Established in 1836 Au Nain Bleu is the oldest and most regal toystore in Paris. Residing on the famous Boulevard St Germain it rests among the stars of big brand designer names so you can indulge in some intense window shopping for yourself along the way or even stop off at Les Deux Magot – the old cafe Picasso, Hemingway, Satre and de Beauvoir  used to frequent. Inside Au Nain Bleu you will find traditional toys such as our beautiful French Bateaux Tirot boats, over-sized teddy bears, retro cars, beautiful books such as the Little Prince pop up book, dress up clothes for princes and princesses and doll houses. 


Spirited Mama Au Nain Bleu image



Les FanFan

42 Rue François Miron, 75004 Paris. Metro Saint Paul

Les FanFans holds a special place in my heart because it’s here that my life was changed. Le Fanfans was the first toy store in Paris I visited a number of years ago when I was travelling with my young daughter who was about to turn six. I was seeking birthday gifts along with something special for my ever-growing number of nieces and nephews. The owner was so charming and funny that it began my journey to create Spirited Mama and the French Heart Store. Le FanFans is indeed full of tresors for infants yet it is a typical toy store stuffed with magic tricks, laughing cows, metal carousels and games. It resides in the back streets of the Le Marais – on the Seine side of Rue des Rivoli among fashionable restaurants, small art galleries, fromageries and the latest gift and craft phenomenon Petit Pan, so after some retail therapy for the little one you can treat yourself to something beautiful, too. 


Spirited Mama Le fanfans toy store Paris image



Pain D’epices

29 Passage Jouffroy, 75009 Paris. Metro: Richelieu – Drouot or Grands Boulevards

Of all the toyshops Pain D’pices is the most enchanting. It resides in 19th century passage way built of decorative metal, glass and wood. While Pain D’pices offers many European toys to customers, it specialises in the miniature doll houses from the classic Georgian home to the modern mansion. But more impressive are the fitouts – everything you could imagine has been included – hundreds of tiny copper saucepans, brooms, fruit, wine decanters, miniature cheese boards (with French cheeses of course), French pasteries, rolling pins, vintage scales and all the furniture you could ever wish for. There are also miniature boulangerie, toy shop and petrol station storefront models that children (or adults) can build. If the children in your life believe in fairies then Pain d’Epice has the evidence.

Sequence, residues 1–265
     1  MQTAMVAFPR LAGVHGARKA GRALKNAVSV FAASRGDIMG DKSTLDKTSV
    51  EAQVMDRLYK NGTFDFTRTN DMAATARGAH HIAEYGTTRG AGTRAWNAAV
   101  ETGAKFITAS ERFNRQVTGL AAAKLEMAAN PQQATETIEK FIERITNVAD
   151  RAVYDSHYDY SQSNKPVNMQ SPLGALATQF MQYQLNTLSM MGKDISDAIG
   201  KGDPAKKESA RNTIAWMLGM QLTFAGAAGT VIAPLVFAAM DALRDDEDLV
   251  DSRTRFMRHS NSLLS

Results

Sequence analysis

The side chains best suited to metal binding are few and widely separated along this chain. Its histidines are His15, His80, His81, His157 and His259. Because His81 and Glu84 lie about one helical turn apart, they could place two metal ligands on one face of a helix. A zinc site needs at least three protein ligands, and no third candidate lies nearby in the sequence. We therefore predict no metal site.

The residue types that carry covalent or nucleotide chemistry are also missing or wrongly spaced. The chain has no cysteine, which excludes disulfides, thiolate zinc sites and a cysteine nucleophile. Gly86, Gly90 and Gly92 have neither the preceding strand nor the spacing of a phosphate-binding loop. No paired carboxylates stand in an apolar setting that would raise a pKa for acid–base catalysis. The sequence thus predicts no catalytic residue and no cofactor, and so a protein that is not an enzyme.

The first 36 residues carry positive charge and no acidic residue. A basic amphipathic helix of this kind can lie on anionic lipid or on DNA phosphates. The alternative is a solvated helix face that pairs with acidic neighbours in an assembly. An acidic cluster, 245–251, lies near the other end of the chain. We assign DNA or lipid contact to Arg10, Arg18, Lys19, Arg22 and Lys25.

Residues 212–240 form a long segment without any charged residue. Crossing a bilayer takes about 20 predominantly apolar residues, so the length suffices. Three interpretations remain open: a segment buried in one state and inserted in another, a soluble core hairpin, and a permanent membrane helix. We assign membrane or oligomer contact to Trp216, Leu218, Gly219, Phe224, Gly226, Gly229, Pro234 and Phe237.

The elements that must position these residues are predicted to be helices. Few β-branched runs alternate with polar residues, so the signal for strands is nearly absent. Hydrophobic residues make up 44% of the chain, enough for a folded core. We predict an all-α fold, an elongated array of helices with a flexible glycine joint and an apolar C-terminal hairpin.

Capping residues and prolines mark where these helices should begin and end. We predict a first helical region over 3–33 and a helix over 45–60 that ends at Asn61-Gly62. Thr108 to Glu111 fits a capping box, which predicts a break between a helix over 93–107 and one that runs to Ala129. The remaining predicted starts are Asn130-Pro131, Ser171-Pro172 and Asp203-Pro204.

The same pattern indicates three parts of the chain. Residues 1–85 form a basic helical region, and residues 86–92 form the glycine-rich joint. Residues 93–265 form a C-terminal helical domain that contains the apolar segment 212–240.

Spirited Mama Pain de Epice toy store Paris image




Si Tu Veux

68 galerie Vivienne 75002 Paris. Ph: 33 01 42 60 59 97. Metro: Bourse

The most beautiful of all toyshops in the world, Si Tu Veux is found in a charming neo-classical 19th Century arcade in Paris’ 2nd arrondissonment nestled among the most illustrious antique and designer stores and a divine bar LeGrand Filles et Fils (so that you can have a well deserved champagne after finding the arcade). Sparkling in soft fairy lights, Si Tu Veux beckons the passerby to enter into a magical world which boasts classic European toys. The owner Madeline Deny publishes a regular blog that suggests all manner of creative and inexpensive children’s activities to do with the imagination and play – great to practice your French, or be inspired by one of the denizens of toy shopping.

 Spirited Mama Si Tu Veux Toy Store Paris image


And if you don’t have the chance to visit one of these beautiful Parisian toy stores in Paris itself then visit our French Heart Store, an online store as beautiful as the boutiques of Paris, which features provincial and artisan crafted toys and children’s decor sourced from the heart of France.

Spirited Mama French Heart Store image 

You might also like Paris with kids smart travel tips


What’s on … kids at the art gallery

Written by kim cotton on . Posted in all, On Love of Learning

Little girl wearing beautiful art smockGet the kids in touch with their creative side by visiting an art gallery where they can explore, make, craft and play under the guiding hand of you, teachers and, of course, the masters.

Playing at the art gallery

The state art galleries across Australia are veritable playgrounds for kids. Most major galleries host children’s programs during the school holidays which are both educationally rewarding but also fun as they draw out interesting features on particular art forms or artists. The sessions (try to book in advance) may involve the children going on a small discovery tour around the gallery before being lead to a special craft room to paint their impression of what the artist has produced, or make craft based on a theme – this is great for the kids and it can give you some time to see a collection or take time out for a coffee at the cafe … divine!

Kids art classes at the art galleries

My daughter’s first organised art lesson was at the NSW Art Gallery. The session was based on the painting of the The visit of the Queen of Sheba to King Solomon by Edward John Poynter. An ambitious painting for a group of children all aged under five, however the theme was patterns, and the clever teachers asked them to identify patterns and shapes on the stairs, on the columns and the ceilings. Once they’d explored the painting enough for the kids to get the general drift, they were taken to a little room all set up to go including art smocks and craft equipment. There the children designed jewellery boxes fit for the Queen of Sheba using patterns on paper and plastic gems with the help of artists and assistants. It was such a good activity that we still have the jewellery box! It houses our little craft gems now and is a wonderful memory of a lovely rich afternoon of activity.